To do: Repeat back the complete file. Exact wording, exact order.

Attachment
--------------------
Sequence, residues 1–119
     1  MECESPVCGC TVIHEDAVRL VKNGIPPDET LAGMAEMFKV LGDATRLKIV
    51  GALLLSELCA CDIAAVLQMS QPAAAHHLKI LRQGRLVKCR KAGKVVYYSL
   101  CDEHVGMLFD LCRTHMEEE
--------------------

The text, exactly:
Sequence, residues 1–119
     1  MECESPVCGC TVIHEDAVRL VKNGIPPDET LAGMAEMFKV LGDATRLKIV
    51  GALLLSELCA CDIAAVLQMS QPAAAHHLKI LRQGRLVKCR KAGKVVYYSL
   101  CDEHVGMLFD LCRTHMEEE